In electronics, a multi-level cell (MLC) is a memory cell capable of storing more than a single bit of information, compared to a single-level cell (SLC), which can store only one bit per memory cell. A memory cell typically consists of a single floating-gate MOSFET (metal–oxide–semiconductor field-effect transistor), thus multi-level cells reduce the number of MOSFETs required to store the same amount of data as single-level cells.
Triple-level cells (TLC) and quad-level cells (QLC) are versions of MLC memory, which can store three and four bits per cell respectively. The name "multi-level cell" is sometimes used specifically to refer to the "two-level cell". Overall, the memories are named as follows:
- Single-level cell or SLC (1 bit per cell)
- Multi-level cell or MLC (2 bits per cell), alternatively double-level cell or DLC
- Triple-level cell or TLC (3 bits per cell) or 3-Bit MLC
- Quad-level cell or QLC (4 bits per cell)
- Penta-level cell or PLC (5 bits per cell) – currently in development
Notice that this nomenclature can be misleading, since an "n-level cell" in fact uses 2n levels of charge to store n bits (see below).
Typically, as the "level" count increases, performance (speed and reliability) and consumer cost decrease; however, this correlation can vary between manufacturers.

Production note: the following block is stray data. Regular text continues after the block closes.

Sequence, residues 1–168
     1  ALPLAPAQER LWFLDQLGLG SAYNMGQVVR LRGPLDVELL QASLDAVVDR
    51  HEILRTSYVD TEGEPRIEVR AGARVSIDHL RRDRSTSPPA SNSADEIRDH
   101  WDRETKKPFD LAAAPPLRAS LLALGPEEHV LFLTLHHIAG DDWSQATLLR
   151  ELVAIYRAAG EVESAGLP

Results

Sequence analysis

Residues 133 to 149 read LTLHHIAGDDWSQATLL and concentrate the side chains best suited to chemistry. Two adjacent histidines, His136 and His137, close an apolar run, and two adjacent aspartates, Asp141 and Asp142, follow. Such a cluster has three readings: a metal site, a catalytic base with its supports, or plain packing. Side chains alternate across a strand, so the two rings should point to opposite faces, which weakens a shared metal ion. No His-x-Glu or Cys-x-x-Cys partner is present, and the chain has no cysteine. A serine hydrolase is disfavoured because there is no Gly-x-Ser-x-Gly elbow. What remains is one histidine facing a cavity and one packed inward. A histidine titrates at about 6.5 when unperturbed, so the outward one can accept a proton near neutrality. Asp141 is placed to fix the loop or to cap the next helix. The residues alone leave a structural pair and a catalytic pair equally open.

Examples of MLC memories are MLC NAND flash, MLC PCM (phase-change memory), etc. For example, in SLC NAND flash technology, each cell can exist in one of the two states, storing one bit of information per cell. Most MLC NAND flash memory has four possible states per cell, so it can store two bits of information per cell. This reduces the amount of margin separating the states and results in the possibility of more errors. Multi-level cells that are designed for low error rates are sometimes called enterprise MLC (eMLC).
New technologies, such as multi-level cells and 3D Flash, and increased production volumes will continue to bring prices down.
Flash memory stores data in individual memory cells, which are made of floating-gate MOSFET transistors. Traditionally, each cell had two possible states (each with one voltage level), with each state representing either a one or a zero, so one bit of data was stored in each cell in so-called single-level cells, or SLC flash memory. SLC memory has the advantage of higher write speeds, lower power consumption and higher cell endurance. However, because SLC memory stores less data per cell than MLC memory, it costs more per megabyte of storage to manufacture. Due to higher transfer speeds and expected longer life, SLC flash technology is used in high-performance memory cards. In February 2016, a study was published that showed little difference in practice between the reliability of SLC and MLC.